Rexus 7 launched on 2 March at 08:25 CET. On board were the experiments MONDARO, Vibra-Damp and BUGS. The rocket reached an altitude of 82.5 kilometres. The MONDARO experiment on REXUS 7, developed by students from the University of Rostock and the Leibniz Institute for Atmospheric Physics (Leibniz-Institut für Atmosphärenphysik) in Kühlungsborn, measured atmospheric pressure and calibrated pressure sensors for a very specific measurement configuration as the rocket rose above an altitude of 50 kilometres. The students used three low-cost and commercially available measuring devices. One pressure sensor was located on the central axis, directly below the tip of the rocket; the tip was jettisoned before the experiment began. With the help of the data obtained, it was possible to calibrate the other two sensors, which were located slightly further back and in less favourable aerodynamic locations. In future experiments, the central pressure sensor will not be necessary.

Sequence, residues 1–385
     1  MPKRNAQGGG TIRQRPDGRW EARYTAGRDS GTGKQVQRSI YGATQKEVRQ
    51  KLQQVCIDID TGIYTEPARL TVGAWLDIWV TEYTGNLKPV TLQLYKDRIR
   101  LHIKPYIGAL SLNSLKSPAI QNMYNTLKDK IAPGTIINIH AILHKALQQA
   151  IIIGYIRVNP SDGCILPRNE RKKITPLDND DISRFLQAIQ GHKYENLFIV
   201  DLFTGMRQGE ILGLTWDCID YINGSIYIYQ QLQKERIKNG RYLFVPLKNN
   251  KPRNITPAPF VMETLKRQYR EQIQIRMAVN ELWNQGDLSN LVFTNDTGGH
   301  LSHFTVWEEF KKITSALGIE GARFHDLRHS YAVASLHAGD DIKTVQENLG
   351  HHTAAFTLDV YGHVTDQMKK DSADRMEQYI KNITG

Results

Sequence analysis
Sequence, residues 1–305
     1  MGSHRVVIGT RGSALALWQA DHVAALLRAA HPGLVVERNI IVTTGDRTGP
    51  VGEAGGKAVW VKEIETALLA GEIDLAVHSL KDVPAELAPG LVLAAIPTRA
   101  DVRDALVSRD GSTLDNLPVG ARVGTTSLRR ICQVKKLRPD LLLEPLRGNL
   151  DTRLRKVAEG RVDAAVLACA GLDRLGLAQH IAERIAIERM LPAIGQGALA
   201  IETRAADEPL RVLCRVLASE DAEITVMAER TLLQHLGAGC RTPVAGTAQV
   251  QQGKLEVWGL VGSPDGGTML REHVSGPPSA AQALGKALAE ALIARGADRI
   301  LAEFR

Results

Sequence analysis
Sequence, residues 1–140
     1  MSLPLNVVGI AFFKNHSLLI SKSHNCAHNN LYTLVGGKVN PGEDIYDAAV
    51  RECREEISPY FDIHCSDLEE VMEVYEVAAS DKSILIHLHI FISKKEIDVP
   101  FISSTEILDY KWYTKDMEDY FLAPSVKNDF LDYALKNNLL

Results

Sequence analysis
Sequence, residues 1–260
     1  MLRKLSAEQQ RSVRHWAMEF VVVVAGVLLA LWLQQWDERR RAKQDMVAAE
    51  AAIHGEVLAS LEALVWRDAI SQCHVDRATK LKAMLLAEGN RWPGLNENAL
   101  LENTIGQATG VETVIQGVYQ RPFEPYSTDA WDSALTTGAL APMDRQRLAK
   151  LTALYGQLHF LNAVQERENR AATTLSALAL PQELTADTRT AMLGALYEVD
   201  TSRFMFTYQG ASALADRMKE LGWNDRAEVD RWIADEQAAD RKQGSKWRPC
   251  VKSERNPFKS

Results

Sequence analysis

The team from Aachen University of Applied Sciences (Fachhochschule Aachen) developed a REXUS module by the name of Vibra-Damp, in the interior of which interference factors such as the residual rotation of the rocket or vibration can be damped. This creates better conditions for experiments in weightless conditions. It was tested for the first time on this flight. In a standard REXUS module, a container was suspended on springs. As soon as this container starts to move relative to the module, it is constrained by eddies generated between the containers.
Joint work on the module